It’s a tradition. At the end of the year, I like to post “top” stuff. Here are my best graphs. I’m only going to share graphs that I created with Plot.ly—although there are some other ones out there. So, maybe I should say “best plot.ly graphs of 2019”.
Oh, you haven’t used plot.y? That’s OK. Plotly, is an online graphing platform. It’s pretty nice. The thing I really like is that you can create some data in python (with Glowscript) and send it over to plotly for beautification.
One last thing. I don’t yet know how many “best” graphs I have—I haven’t looked yet. Also, these are in no particular order.
What ball is the best to catch with during free fall?
So, by plotting twice the height by time squared, the slope of the line would give the vertical acceleration. In the graph above, the green line is for an acceleration of 9.8 m/s^2 (the value on Earth) and the red line is the average for all the Jedi. Notice that Yoda has a greater acceleration. I think that’s cool.
In a [previous post](http://blog.dotphys.net/2008/09/basics-making-graphs-with-kinematics-stuff-part-ii/), I talked about how to plot kinematics data with a spread sheet and how to fit a quadratic function to the data. In the back of my head I remember “Don’t trust Excel”. I seem to recall someone claiming that Excel did not do a proper fit. To test this, I collected some data and used several methods to fit the data:
MS Excel’s built in function fitting
Using the spread sheet (Excel) to manually calculate the best fit parameters
I already discussed how to add a quadratic fit in Excel using the built in tools. Perhaps later I will also discuss Logger Pro and Plot. But how do you come up with a function to fit data? The basic idea is to create a quadratic function and vary the parameters such that the deviation of the actual data from the function is minimized. That is much detail as I want to go into except for the following two links that I used:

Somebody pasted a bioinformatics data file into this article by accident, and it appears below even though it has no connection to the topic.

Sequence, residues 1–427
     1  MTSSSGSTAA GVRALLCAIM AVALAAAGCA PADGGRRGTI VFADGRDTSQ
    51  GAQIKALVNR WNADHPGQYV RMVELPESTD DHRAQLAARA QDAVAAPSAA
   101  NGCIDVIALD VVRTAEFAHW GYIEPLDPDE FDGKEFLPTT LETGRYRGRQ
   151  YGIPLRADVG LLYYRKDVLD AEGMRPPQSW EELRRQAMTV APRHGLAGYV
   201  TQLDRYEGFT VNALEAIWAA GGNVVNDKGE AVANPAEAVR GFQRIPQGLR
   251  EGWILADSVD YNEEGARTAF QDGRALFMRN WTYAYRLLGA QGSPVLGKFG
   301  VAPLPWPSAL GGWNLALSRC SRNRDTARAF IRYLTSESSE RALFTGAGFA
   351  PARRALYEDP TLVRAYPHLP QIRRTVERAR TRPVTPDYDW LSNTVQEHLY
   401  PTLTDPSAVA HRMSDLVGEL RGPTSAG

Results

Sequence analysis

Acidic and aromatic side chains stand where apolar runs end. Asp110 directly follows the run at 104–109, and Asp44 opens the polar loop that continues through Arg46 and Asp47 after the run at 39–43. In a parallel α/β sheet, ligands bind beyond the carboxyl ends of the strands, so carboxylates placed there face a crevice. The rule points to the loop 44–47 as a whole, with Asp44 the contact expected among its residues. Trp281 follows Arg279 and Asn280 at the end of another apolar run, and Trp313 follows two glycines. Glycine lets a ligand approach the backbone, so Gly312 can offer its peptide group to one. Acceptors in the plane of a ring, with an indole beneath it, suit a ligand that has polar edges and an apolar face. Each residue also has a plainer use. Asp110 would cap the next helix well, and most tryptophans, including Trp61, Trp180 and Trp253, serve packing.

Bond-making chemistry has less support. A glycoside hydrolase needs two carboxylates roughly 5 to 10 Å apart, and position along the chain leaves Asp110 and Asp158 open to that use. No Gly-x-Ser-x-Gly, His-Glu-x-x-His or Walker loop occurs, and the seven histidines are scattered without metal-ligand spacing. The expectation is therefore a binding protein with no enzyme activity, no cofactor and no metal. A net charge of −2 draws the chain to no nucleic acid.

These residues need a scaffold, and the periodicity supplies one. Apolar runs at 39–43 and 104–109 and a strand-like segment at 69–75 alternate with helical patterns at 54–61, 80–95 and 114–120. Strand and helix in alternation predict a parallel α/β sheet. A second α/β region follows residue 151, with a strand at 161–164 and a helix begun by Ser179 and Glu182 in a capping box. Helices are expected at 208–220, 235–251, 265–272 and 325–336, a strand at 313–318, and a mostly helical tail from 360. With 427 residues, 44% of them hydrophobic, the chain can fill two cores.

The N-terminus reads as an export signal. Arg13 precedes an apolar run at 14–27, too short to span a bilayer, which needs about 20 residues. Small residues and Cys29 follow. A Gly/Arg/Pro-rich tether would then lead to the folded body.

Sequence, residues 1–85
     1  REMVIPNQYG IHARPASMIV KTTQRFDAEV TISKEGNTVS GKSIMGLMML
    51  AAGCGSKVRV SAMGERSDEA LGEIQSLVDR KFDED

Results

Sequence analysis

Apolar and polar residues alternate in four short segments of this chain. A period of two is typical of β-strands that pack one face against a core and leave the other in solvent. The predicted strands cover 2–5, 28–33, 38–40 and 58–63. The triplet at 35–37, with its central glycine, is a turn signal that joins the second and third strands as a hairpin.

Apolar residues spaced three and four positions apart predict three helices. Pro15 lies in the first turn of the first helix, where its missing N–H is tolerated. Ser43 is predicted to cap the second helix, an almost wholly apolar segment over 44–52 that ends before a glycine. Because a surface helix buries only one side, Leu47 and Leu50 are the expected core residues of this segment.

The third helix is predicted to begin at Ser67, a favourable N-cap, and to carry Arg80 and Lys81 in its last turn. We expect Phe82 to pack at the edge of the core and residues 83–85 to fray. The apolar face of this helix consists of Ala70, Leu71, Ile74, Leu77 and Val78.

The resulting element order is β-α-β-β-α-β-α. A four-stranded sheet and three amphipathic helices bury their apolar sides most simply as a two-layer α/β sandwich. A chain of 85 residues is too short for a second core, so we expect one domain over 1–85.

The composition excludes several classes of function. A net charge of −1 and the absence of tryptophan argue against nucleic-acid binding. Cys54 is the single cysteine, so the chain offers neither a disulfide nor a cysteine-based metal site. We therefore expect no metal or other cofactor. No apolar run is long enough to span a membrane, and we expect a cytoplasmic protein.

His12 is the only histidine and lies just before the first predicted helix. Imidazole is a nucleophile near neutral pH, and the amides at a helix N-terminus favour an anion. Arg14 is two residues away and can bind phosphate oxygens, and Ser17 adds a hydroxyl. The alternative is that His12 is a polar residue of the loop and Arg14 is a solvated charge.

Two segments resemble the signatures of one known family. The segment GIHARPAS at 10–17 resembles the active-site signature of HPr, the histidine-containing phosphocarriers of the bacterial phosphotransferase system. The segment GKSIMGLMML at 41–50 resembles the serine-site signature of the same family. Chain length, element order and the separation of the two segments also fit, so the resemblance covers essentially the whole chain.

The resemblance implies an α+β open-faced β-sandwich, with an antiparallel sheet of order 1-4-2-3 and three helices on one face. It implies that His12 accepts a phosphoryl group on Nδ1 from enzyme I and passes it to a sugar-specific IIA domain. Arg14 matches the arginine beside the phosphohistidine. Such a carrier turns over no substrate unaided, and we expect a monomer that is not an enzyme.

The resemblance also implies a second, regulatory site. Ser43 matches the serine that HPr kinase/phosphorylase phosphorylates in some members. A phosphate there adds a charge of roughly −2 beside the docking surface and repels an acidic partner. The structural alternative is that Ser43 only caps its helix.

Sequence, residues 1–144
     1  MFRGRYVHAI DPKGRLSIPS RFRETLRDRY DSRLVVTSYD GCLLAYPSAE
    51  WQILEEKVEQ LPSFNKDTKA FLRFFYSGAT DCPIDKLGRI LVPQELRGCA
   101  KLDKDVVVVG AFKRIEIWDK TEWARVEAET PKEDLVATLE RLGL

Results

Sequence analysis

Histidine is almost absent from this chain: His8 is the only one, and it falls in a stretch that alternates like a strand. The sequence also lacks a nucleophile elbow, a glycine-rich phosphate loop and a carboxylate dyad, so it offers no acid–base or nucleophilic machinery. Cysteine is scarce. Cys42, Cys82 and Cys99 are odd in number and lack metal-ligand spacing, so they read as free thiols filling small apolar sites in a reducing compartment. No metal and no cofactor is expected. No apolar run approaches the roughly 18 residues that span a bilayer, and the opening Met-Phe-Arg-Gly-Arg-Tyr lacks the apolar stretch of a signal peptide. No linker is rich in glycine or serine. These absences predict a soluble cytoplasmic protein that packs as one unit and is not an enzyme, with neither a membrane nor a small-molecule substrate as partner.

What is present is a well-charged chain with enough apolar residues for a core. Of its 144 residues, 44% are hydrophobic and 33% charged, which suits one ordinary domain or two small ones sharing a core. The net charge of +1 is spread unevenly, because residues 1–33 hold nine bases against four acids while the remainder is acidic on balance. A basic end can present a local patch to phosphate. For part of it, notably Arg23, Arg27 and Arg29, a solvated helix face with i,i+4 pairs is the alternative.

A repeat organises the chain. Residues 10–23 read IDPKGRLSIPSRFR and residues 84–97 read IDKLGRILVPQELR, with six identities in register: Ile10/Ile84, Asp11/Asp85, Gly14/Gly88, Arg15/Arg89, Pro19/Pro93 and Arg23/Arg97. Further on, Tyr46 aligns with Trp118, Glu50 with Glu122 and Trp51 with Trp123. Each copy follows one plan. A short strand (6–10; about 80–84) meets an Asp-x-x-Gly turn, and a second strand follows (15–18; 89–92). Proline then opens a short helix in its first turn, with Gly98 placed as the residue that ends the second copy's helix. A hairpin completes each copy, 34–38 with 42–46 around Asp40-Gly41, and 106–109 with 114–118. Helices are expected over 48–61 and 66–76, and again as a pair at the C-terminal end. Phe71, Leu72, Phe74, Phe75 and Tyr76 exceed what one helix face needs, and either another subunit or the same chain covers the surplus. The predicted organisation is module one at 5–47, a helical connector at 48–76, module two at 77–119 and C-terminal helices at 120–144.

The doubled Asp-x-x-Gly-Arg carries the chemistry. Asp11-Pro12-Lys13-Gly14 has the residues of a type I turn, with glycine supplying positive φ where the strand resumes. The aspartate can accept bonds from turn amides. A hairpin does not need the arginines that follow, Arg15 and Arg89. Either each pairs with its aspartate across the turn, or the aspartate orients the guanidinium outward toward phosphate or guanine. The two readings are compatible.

So, you still want to make a graph with that kinematics data? You think that graphs on paper are too barbaric? Well, if you are ready, you can use a spreadsheet. But be careful. If you don’t know what you are doing, you can cause some damage (much like flying a 747 after reading a blog about it). Speadsheets allow you to do a couple of things.
First, what software do you use? I think most people will immediately go for Microsoft Excel. I have to admit, this is what I use because I am so familiar with it. Many people already have this also. Truthfully, it is a good spreadsheet program (but not perfect). There are some free alternatives:
Online spreadsheet like Zoho) or Google Docs. Both of these are fairly useable.
Other – like Apple’s spreadsheet or other non-free stuff.
A final excellent option is Vernier’s Logger Pro. Although it is not free (nor perfect) it is not too expensive and can be covered by a school site license
For this tutorial, I will show explicitly how to make graphs using MS Excel. I was going to use open office, but in order to fit a polynomial to data, you have to do some more serious stuff. The basic idea is the same no matter what you use.
Suppose there is some experiment in which you throw a ball up and collect position and time data (with video analysis). What do you do with this data? Your instructor told you to make a graph, but how do you do that?